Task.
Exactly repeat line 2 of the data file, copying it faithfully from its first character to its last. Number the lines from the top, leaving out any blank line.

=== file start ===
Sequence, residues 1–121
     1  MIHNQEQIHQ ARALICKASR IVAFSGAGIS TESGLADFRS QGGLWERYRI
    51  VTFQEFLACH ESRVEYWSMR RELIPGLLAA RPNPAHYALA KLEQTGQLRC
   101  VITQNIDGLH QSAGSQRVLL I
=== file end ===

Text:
     1  MIHNQEQIHQ ARALICKASR IVAFSGAGIS TESGLADFRS QGGLWERYRI